Zero-emission fuel cell improvements could make the technology inexpensive enough to replace conventional gasoline engines in vehicles, researchers at the University of Waterloo claim. The researchers have devised a new fuel cell that they claim lasts at least 10X longer than current technology. They say that this longevity improvement could make fuel cells economically viable, if mass-produced, to power vehicles with electricity.
“With our design approach, the cost could be comparable or even cheaper than gasoline engines,” said Xianguo Li, director of the Fuel Cell and Green Energy Lab at Waterloo. “The future is very bright. This is clean energy that could boom.” (See image above of Xianguo Li holding a hydrogen fuel cell. Image courtesy of University of Waterloo).
The team initially focused on hybrid electric vehicles, which now have gas engines in addition to batteries due to problems related to their limited driving range and long charging times. Existing fuel cells could, in theory, replace those gas engines.
While hybrid vehicles are in operation, conventional gas engines power generators to recharge batteries, but using fuel cell technologies instead would tend to be impractical because they are expensive.
The design the researchers created makes fuel cells far more durable. This increased durability is a result of them delivering a constant, rather than fluctuating, amount of electricity.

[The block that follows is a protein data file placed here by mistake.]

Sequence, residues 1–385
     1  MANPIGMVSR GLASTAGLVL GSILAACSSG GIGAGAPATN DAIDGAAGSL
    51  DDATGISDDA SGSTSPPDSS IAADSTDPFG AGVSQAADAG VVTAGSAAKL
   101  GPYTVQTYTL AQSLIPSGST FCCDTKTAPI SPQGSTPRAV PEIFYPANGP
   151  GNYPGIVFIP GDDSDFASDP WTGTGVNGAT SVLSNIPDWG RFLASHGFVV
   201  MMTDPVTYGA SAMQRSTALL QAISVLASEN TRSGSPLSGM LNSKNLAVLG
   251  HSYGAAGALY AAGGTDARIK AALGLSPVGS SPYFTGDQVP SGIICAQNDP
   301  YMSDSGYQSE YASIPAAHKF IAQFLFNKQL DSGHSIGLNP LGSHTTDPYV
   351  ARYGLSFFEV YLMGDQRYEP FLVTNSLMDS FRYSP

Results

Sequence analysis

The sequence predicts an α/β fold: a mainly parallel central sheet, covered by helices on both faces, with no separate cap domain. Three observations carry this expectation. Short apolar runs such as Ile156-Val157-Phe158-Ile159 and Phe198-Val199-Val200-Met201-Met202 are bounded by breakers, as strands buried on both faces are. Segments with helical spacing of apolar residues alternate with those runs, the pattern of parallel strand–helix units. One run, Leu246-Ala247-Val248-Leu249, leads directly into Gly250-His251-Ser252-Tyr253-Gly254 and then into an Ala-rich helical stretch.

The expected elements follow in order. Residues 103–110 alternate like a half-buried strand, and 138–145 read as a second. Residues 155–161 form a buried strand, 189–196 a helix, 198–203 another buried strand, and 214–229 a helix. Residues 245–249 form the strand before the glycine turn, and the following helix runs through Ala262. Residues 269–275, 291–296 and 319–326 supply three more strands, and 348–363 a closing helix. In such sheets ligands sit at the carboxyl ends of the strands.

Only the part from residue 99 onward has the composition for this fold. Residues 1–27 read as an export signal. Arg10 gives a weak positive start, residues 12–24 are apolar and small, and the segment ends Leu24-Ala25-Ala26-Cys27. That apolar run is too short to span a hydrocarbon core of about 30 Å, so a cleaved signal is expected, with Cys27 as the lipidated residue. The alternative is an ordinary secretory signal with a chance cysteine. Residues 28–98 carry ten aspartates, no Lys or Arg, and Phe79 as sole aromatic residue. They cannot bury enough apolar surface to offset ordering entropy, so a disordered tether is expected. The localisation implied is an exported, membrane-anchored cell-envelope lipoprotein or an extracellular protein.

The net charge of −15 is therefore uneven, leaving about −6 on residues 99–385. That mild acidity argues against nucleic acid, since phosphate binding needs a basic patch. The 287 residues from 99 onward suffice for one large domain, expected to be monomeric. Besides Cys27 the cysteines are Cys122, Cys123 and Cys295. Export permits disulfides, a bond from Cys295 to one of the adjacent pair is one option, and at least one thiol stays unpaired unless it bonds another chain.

Ultimately, this translates to fuel cells, which produce electricity from the chemical reaction when hydrogen and oxygen combine to produce water, that can be dramatically simplified and therefore far cheaper.
“We have found a way to lower costs and still satisfy durability and performance expectations,” said Li, a professor of mechanical and mechatronics engineering. “We’re meeting economic targets while providing zero emissions for a transportation application.”
The researchers hope the introduction of fuel cells in hybrid vehicles will lead to mass production that results in lower unit costs. They speculate that fuel cell technology could eventually replace both batteries and gas engines entirely by providing a dependable, affordable, safe, and clean source of electrical power.
“This is a good first step, a transition to what could be the answer to the internal combustion engine and the enormous environmental harm it does,” said Li.
Li collaborated with lead researcher Hongtao Zhang, a former post-doctoral fellow, Waterloo mathematics professor Xinzhi Liu and Jinyue Yan, an energy expert and professor in Sweden.
A paper about their findings titled, Enhancing fuel cell durability for fuel cell plug-in hybrid electric vehicles through strategic power management, appears in the journal Applied Energy.
Their Power Management Scheme
Their strategic power management scheme used three fuel cell stacks to work only to produce a constant output power, and they shortened each cell’s active time in operation via on-off switching control.
They devised a hysteresis control strategy of power management intended to evenly distribute the active time across the three fuel cell stacks and to reduce the number of on-off switching occurrences. The results showed that the fuel cell durability can be increased 11.8X, 4.8X and 6.9X, respectively.
They noted that this improved fuel cell durability results from the fact that the average power demand of real-time driving cycles is just a fraction of the maximum power that fuel-cell, plug-in hybrid-electric vehicles (FC-PHEVs) could provide.
Xianguo, Z., Xianguo, L., Xinzhi, L., Jinyue, Y. (2019, May 1) Enhancing fuel cell durability for fuel cell plug-in hybrid electric vehicles through strategic power management. Applied Energy, 241, 483-490. https://doi.org/10.1016/j.apenergy.2019.02.040